The best way to prevent this from happening to your business is to set up internal controls, or a system of checks and balances to detect problems or avoid them altogether. Large companies often have formal internal control procedures in place but, in a small business, it can be difficult to implement the separation of duties necessary to detect and prevent fraud.
Your accountant or CPA can help you set up a system of internal controls, no matter how small your business is. They may recommend locking up checks, having two people count cash, having the business owner review bank statements and reconciliations, two signatures on checks over a certain dollar amount, amongst other controls. In even the smallest organization, an accountant can help you put procedures in place to help prevent otherwise honest people from crossing the line and catch fraud before it becomes too serious.
You may have purchased small business insurance, but have you reviewed your coverage recently? It can be pretty easy to just renew your policy every year without considering whether your current coverage is enough or not.
Many owners of home-based businesses are surprised to find out that their homeowner’s insurance policy does not cover business losses, but you may be able to purchase a rider to your homeowner’s policy to cover damage to business property, such as computers, printers and other office supplies.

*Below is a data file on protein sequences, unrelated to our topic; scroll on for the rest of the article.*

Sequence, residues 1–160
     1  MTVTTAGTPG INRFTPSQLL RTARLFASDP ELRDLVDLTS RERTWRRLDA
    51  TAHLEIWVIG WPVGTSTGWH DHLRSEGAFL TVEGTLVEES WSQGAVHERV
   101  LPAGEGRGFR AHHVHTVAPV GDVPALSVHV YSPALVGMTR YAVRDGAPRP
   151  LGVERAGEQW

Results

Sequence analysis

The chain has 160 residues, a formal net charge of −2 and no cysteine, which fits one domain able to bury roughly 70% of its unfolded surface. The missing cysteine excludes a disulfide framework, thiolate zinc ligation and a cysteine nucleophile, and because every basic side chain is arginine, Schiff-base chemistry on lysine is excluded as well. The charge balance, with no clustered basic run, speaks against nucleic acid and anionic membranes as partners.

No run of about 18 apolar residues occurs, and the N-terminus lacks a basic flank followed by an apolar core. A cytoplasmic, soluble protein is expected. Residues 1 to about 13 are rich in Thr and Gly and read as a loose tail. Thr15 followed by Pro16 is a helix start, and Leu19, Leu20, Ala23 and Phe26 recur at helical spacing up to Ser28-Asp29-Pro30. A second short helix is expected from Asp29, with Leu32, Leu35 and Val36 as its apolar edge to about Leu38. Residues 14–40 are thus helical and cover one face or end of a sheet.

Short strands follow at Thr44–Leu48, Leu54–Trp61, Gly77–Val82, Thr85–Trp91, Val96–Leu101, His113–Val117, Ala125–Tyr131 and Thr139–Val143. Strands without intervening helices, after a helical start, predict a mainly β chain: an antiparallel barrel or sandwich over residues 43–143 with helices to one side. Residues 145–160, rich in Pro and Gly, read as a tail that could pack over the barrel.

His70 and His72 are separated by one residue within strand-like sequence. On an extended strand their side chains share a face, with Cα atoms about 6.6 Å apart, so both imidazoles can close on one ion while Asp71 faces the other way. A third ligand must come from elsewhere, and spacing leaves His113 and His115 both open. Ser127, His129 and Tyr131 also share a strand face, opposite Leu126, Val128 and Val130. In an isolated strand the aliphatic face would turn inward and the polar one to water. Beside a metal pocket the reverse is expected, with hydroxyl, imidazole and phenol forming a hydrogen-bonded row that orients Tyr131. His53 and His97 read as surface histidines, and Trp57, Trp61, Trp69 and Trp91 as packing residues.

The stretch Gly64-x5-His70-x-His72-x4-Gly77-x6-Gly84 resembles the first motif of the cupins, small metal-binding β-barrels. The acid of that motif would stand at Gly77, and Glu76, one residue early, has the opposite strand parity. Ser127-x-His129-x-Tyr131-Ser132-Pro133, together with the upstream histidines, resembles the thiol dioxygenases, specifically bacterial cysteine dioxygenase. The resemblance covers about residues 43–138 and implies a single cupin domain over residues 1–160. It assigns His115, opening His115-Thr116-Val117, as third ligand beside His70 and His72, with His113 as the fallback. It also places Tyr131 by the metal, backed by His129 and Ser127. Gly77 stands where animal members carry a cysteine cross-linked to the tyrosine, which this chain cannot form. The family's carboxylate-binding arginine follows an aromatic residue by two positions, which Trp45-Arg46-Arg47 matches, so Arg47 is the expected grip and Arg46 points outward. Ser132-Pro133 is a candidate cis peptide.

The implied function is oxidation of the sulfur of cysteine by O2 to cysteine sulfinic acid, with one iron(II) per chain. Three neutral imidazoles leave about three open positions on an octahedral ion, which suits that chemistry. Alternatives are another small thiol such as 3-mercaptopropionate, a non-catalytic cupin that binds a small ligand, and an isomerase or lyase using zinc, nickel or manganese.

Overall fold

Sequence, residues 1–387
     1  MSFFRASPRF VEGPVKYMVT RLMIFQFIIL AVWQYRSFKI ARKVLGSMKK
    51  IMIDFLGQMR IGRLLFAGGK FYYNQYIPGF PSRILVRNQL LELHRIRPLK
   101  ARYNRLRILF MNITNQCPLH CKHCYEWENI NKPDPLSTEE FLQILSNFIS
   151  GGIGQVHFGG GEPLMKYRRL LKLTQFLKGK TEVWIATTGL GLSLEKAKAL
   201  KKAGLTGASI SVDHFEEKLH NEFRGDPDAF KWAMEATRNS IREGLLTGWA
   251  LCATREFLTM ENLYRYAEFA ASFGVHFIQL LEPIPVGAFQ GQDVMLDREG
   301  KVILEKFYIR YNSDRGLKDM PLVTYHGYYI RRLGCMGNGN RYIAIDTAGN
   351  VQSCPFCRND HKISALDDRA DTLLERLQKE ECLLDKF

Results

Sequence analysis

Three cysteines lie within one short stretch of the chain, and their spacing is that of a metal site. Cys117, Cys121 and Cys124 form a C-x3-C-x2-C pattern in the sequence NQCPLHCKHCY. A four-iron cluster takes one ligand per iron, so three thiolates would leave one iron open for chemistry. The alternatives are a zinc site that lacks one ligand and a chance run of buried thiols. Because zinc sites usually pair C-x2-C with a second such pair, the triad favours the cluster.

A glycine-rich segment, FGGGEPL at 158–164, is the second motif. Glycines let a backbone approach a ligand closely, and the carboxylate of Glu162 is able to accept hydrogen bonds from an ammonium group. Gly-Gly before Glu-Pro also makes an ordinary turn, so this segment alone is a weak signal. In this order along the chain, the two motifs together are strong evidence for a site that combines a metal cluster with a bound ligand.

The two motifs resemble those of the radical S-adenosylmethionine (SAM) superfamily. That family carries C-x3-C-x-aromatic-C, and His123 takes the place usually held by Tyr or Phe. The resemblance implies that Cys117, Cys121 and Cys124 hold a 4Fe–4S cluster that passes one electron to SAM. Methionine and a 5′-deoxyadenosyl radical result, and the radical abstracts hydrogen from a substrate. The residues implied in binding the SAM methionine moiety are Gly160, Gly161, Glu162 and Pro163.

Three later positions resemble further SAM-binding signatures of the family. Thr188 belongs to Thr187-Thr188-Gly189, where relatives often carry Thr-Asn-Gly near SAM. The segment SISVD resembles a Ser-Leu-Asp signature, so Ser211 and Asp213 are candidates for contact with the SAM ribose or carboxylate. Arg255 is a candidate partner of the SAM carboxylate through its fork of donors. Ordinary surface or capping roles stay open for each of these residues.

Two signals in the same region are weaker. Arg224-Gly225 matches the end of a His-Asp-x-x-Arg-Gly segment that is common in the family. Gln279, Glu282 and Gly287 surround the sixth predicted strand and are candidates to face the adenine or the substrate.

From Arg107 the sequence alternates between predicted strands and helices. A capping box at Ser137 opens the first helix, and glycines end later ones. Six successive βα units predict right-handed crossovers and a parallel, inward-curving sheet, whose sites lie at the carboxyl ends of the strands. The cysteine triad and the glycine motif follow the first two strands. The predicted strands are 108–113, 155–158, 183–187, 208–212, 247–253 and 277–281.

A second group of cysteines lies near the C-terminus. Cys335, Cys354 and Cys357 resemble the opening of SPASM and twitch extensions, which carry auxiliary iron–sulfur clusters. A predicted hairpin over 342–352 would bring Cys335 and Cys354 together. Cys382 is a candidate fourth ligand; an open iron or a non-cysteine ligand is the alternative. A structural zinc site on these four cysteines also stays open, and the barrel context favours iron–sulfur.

Perhaps you have a separate small business policy, but your coverage and limits are no longer adequate. As a business grows, its insurance needs change. You may need to consider increasing general liability limits or adding professional liability coverage or workers compensation for your employees.
Sit down with your insurance agent to discuss any changes since you purchased the policy. If you’re currently relying on a rider attached to your homeowner’s insurance policy, it may be time to upgrade to a separate commercial insurance policy. If you don’t already have an agent, use the Find an Agent tool to help you locate an independent agent that can shop your coverage with multiple insurance carriers to find you the best coverage at the best price for your situation.
Keeping your business on track is ultimately your responsibility, but that doesn’t mean you have to do it alone. Build a team of experienced accounting, law, tax, finance and insurance professionals. They will save you money by bringing intimate knowledge that will save you money in the long run.
When you first started your business, chances are you weren’t thinking about how to save for retirement.
When you first started your business, chances are you weren’t thinking about how to save for retirement. Maybe you put some money in an Individual Retirement Arrangement (IRA) but was unaware that you could save a lot more in tax-deferred accounts as a small business owner.
You may be able to contribute up to $54,000 to a Simplified Employee Pension IRA or set up a Savings Incentive Match Plan for Employees (SIMPLE) IRA that will allow your employees to defer up to $12,500 per year (plus an additional $3,000 in catch-up contributions for employees age 50 or over). Both of these plans are easy and affordable to set up and maintain and, if you have a staff, providing retirement benefits can be a good way to take care of key employees and also attract new ones.
Your accountant or financial advisor can help you identify retirement plans you are eligible for and recommend a plan trustee to receive plan contributions and invest them for you and your employees.